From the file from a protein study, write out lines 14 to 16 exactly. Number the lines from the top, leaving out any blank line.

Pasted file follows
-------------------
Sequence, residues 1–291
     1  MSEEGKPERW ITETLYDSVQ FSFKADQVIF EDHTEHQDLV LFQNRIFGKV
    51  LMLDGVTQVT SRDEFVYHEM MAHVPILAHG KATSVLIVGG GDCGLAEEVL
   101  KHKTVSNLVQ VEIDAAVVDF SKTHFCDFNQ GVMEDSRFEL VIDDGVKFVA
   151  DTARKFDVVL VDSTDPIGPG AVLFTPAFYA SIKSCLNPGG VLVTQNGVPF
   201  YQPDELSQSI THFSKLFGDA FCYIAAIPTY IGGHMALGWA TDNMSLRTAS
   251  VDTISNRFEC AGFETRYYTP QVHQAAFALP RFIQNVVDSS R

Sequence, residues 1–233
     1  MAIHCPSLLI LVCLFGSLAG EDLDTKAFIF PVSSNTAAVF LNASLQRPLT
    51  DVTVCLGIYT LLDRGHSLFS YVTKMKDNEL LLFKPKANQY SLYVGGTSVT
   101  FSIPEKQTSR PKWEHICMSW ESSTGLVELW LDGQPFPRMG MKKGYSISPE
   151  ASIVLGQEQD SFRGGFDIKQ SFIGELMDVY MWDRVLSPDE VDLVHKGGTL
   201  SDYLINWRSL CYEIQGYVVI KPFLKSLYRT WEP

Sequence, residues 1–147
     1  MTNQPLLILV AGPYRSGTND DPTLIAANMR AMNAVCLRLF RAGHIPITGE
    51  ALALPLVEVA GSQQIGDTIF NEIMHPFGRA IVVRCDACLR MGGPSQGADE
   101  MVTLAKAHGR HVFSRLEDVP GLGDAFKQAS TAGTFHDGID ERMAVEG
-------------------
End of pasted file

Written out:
Sequence, residues 1–147
     1  MTNQPLLILV AGPYRSGTND DPTLIAANMR AMNAVCLRLF RAGHIPITGE
    51  ALALPLVEVA GSQQIGDTIF NEIMHPFGRA IVVRCDACLR MGGPSQGADE